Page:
Cold Mountain
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In Review > North America

Cold Mountain

Opera Philadelphia

In Review Philadelphia Cold Mountain 2 hdl 216
Andrew Farkas, Morris, Leonard and Hall in Leonard Foglia's production of Jennifer Higdon’s Cold Mountain at Opera Philadelphia
Photographs by Kelly & Massa for Opera Philadelphia
In Review Philadelphia Cold Mountain lg 216
Jarrett Ott as W.P. Inman and Leonard as Ada Monroe
Photographs by Kelly & Massa for Opera Philadelphia

OPERA PHILADELPHIA'S PRESENTATION OF Jennifer Higdon’s Cold Mountain (heard Feb. 7) reaffirmed the power and high quality of the composer’s first-ever opera. A co-commission with Santa Fe Opera and Minnesota Opera in collaboration with North Carolina Opera, the highly compelling production by Leonard Foglia bowed in New Mexico last summer (see OPERA NEWS, Nov. 2015). The greatest adjustments in transferring the physical production from a modern, semi-open space into a nineteenth-century proscenium house performance concerned Brian Nason’s highly atmospheric lighting. Naturally transcendent as any Santa Fe performance is, some parts of Cold Mountain—most especially the short, mercifully restrained epilogue—worked better in the Academy of Music’s highly traditional confines. As in Foglia’s staging of Jake Heggie’s Moby Dick, the strong images, pointed blocking and incisive crosscutting gave flow and cumulative impact to what is in places (in the first half especially) a disjointed narrative. The second half generates greater cohesion and tension. Given Higdon’s propensity to illustrate sound effects orchestrally, the soundlessness of the stage fighting seemed a mistake. Higdon’s strength lies in finely textured lyrical orchestration and punctuation; vocal lines evoke Barber, with hints of Prokofiev in skirmish scenes. She clearly relishes vocal ensembles, and these are the score’s great moments, rather than the narrative set piece and love duets, which are pleasant but not melodically grabbing. Corrado Rovaris conducted a responsive orchestra and chorus with relish and propulsion. 

By and large Gene Scheer skillfully transmutes Charles Frazier’s ultra-discursive, stream-of-consciousness novel into dramatically viable scenes. The taciturn Southern deserter hero Inman thus becomes inevitably rather garrulous, not least in fantasy ensembles joining him with the distant object of his odyssey home, the sensitive Ada. Sensibly, the resourceful runaway slave Lucinda (merely described in the novel) here has dramatic agency and bears witness to an African-American perspective entirely missing chez Frazier. Oddly excluded is the novel’s poignant evocation of North Carolina’s exploited, expelled Native Americans, whose absence haunts Inman.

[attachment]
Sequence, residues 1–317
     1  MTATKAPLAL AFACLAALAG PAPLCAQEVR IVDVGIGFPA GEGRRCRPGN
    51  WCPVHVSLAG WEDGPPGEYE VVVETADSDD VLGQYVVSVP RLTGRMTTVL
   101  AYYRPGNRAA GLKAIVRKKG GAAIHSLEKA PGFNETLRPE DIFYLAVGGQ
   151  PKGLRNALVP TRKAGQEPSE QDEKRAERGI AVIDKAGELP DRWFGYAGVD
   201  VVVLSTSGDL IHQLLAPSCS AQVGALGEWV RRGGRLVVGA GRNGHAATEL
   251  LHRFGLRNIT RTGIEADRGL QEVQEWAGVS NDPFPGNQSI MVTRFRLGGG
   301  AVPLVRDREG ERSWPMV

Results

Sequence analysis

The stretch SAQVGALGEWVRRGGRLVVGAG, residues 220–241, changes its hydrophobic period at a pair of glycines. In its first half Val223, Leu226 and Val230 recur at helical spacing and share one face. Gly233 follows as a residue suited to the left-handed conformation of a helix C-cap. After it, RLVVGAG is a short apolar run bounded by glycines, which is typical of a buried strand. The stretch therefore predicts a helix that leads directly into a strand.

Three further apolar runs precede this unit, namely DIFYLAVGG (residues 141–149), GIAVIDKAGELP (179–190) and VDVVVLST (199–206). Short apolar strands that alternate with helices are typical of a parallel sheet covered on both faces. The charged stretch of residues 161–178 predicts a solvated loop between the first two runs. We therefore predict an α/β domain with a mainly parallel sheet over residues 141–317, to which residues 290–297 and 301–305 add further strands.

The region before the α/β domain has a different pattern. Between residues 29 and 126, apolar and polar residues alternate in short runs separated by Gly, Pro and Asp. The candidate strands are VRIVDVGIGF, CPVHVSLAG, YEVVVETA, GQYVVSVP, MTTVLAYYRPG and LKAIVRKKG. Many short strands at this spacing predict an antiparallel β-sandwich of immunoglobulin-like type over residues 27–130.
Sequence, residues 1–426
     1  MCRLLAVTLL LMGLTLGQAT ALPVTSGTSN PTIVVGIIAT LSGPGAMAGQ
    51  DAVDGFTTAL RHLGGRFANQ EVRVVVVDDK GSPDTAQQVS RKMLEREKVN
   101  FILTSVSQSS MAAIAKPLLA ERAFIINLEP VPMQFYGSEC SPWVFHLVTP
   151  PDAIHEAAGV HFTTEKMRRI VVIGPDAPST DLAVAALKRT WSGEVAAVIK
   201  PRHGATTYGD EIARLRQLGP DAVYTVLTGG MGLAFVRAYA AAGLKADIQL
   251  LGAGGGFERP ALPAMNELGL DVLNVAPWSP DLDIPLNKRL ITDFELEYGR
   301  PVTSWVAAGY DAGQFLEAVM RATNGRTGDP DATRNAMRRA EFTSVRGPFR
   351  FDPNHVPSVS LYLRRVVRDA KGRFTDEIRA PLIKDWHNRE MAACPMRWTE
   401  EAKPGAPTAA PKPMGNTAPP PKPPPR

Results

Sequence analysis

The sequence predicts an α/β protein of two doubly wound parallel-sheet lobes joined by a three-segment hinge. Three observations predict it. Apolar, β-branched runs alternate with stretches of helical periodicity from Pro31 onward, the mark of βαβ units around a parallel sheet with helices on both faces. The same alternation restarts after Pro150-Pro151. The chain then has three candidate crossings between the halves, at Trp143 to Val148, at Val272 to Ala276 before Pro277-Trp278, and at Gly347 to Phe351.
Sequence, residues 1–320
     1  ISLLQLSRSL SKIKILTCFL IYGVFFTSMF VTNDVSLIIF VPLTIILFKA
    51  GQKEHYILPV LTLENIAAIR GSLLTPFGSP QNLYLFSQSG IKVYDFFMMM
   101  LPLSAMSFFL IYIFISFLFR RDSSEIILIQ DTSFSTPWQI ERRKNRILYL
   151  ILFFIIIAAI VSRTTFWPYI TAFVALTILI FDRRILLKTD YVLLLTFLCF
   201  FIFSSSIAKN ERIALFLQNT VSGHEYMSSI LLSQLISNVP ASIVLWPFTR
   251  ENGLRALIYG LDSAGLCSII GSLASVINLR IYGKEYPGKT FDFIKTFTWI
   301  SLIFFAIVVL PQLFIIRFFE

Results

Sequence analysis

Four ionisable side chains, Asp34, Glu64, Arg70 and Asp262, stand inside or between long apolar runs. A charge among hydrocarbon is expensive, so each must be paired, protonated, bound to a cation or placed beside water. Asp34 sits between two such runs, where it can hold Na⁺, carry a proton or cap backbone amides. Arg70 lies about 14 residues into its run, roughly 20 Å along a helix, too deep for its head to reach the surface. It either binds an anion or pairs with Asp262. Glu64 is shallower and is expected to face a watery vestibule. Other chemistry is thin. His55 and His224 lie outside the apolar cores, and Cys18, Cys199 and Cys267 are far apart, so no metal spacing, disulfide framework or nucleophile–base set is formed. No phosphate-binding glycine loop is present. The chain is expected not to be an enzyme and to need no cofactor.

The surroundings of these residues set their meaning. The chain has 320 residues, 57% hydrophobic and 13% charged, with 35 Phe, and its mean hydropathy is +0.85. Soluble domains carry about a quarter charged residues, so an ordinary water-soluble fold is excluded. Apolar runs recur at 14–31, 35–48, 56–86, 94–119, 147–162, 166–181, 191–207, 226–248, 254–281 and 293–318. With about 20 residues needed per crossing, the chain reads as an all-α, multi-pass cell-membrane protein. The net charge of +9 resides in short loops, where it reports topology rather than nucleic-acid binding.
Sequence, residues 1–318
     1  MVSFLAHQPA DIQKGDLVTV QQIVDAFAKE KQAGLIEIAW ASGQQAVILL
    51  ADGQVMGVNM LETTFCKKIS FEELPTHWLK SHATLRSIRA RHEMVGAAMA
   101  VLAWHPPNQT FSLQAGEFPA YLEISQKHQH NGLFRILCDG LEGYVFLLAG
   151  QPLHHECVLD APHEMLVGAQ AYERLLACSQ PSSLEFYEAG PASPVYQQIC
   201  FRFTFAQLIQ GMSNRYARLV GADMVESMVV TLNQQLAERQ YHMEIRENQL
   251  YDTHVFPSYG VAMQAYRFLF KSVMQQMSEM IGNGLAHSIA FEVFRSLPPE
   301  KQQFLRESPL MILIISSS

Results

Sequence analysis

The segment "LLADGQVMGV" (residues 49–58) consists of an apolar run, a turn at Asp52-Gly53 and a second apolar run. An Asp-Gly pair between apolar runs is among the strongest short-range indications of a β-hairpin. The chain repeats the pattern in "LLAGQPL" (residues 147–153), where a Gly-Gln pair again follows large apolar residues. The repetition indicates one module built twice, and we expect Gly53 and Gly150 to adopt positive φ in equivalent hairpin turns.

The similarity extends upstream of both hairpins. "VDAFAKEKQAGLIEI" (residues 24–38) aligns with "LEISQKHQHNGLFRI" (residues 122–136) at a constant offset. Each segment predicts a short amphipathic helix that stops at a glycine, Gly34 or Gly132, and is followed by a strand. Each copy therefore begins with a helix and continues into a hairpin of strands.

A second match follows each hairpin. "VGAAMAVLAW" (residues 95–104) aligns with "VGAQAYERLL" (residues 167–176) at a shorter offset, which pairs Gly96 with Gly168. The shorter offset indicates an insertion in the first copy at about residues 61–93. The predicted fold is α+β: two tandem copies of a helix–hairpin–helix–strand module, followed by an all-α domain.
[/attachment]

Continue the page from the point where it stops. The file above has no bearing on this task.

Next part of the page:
Because Nathan Gunn, who created Inman at Santa Fe, had to drop out on short notice, his Santa Fe cover Jarrett Ott assumed the part with considerable distinction and often ravishing, airy vocal finish. Even Gunn had seemed too young for the “gutted” returning vet; Ott brought the testing role not only lovely, Pelléas-like sound but a deep investment in the words. Ott and Isabel Leonard’s beauteous Ada were aptly matched if rather unscathed for Frazier’s central couple. Cecelia Hall did a beautiful job of singing and presenting the resourceful, hardscrabble Ruby, who saves Ada’s farm; still, I missed Santa Fe’s Emily Fons, who seemed born to the role and had stolen the show. Paul Groves, in incisive if top-challenged form, was funny and completely idiomatic as the hypocrite preacher Veasey.

Foglia drew even more elaborately detailed performances from the two principal cast members who remained in place: Leonard’s resilient mezzo, much more convincing in this idiom than in Rossinian roulades, gave much more nuance to Ada’s text and was thus more moving. In the mustache-twirling role of the deserter hunting Teague—in the opera a rival for Ada’s hand—Jay Hunter Morris had a field day of memorably oozed and chiseled phrases—more Mime than Siegfried tonally, but always striking. Kevin Burdette’s pair of character roles—a blind seer and Ruby’s raucous but musically inspired father Stobrod—remained fully drawn portraits, perhaps aptly etched in “music theater” rather than “classical” timbre.

Cold Mountain boasts several fine cameo roles very well cast here, largely from locally active singers. Singing beautifully, Rachel Sterrenberg made the desperate single mother Sara appealing and heart-breaking. Heather Stebbins showed a lovely, substantial soprano as Lila, a mountain siren who ensnares Inman with her Rhinemaiden-like sisters (and creepy husband, well limned by tenor Alasdair Kent). But pride of place went to Marietta Simpson’s Lucinda: young Deborah Nansteel had taken this part with aplomb in Santa Fe, but here the veteran Philadelphia mezzo gave both words and tone infinitely touching and vivid expressiveness. The other ensemble members fared admirably. Cold Mountain again proved an impressive first opera and a memorable theatrical experience.  —David Shengold 

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